In county after county in North Carolina, there were small Tea Bagger groups that popped up for brief periods that attracted small numbers of people and just came and went like the wind. Did these small groups have the grassroots support to maintain a sustained effort and fund campaigns? Hell no - the money for these candidates came from Pope and Americans for Prosperity.

Besides creating a false impression of some wider movement for this Tea Bagger nonsense, there's the very real problem of buying government influence that's at the heart of the Pope money machine. Just about every bill the Republicans have introduced benefits particular people, companies or corporations.

This isn't about Art Pope reshaping NC into his personal vision of some little ultra-conservative libertarian utopia.

Pope's money - and the money of his cronies - is buying legislation and policies that benefit people and companies associated with Americans for Prosperity.

Your vote - and what you think would be best for all of North Carolina or your own community - doesn't matter anymore. What you want has been swept away so that a small group of land developers, business owners, and religious organizations can gorge themselves at the public's expense.

Pope isn't the problem as much as he's a symbol of everything that's gone wrong in North Carolina politics.

Why shouldn't we be pointing out that this man - and others just like him - are shysters distracting voters with racism, homophobia, false nostalgia, and fear just so they can reach around and grab a few dollars out of your pocket?

Finally, Pope is worth harping on because, in my opinion, he's a paper tiger.

In a post I put together a few weeks back, I did some digging on how much Pope has been spending on his little political whims in North Carolina versus what he's making in income and profit from his primary business, Variety Wholesalers. The numbers just don't add up - either Pope is over extending himself, spending like a madman to massage his personal pride, or he has other sources of income he's not talking about or disclosing in public conflict of interest forms.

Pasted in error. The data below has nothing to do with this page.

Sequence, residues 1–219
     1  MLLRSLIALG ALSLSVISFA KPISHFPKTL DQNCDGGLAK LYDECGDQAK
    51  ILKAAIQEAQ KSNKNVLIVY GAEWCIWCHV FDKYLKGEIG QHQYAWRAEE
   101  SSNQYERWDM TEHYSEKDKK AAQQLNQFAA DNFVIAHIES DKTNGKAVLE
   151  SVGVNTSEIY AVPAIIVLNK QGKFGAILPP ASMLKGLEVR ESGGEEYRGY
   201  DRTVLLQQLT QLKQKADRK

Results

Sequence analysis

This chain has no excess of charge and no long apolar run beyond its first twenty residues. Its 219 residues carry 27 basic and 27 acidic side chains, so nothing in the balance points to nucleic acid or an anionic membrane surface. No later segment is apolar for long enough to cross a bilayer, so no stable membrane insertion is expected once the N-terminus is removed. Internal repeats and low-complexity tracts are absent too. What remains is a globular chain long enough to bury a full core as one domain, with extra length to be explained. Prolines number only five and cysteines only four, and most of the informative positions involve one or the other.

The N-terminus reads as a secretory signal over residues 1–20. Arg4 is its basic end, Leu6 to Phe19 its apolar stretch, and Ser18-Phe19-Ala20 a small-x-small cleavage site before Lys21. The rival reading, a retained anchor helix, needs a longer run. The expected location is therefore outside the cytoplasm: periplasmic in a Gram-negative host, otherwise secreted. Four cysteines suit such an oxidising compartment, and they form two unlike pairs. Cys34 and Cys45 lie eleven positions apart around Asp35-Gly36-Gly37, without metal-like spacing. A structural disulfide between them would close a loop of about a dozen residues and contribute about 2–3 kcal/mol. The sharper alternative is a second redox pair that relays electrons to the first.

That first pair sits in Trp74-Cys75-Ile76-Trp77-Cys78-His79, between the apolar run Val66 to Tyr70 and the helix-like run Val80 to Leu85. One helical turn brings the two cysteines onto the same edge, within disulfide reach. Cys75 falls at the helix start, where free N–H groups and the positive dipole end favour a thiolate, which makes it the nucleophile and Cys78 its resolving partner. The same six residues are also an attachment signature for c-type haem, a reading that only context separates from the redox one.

So, which is it? If the Dems and progressives put up a good enough fight, forcing Pope to spend more, will he over extend himself?

Or, is the picture that Pope has painted of being a simple little businessman making money off some discount stores just a ruse?

With Pope's influence on North Carolina politics - and his key position as Budget Director, which, as I pointed out in my post, includes more than just keeping books and actually managing audits, policies, and studies that drive how legislation is passed and money is spent - shouldn't the public know whether Pope is self delusional and narcissistic enough to throw away a good portion of his fortune on buying politicians or if he's not coming clean about his own finances?

Is the man who bought the NC state legislature and the governor's mansion merely a mentally ill man with a lot of money to throw around or is he a very sly crook?

Either answer could make Pope's house of cards collapse like the political Ponzi scheme that it is.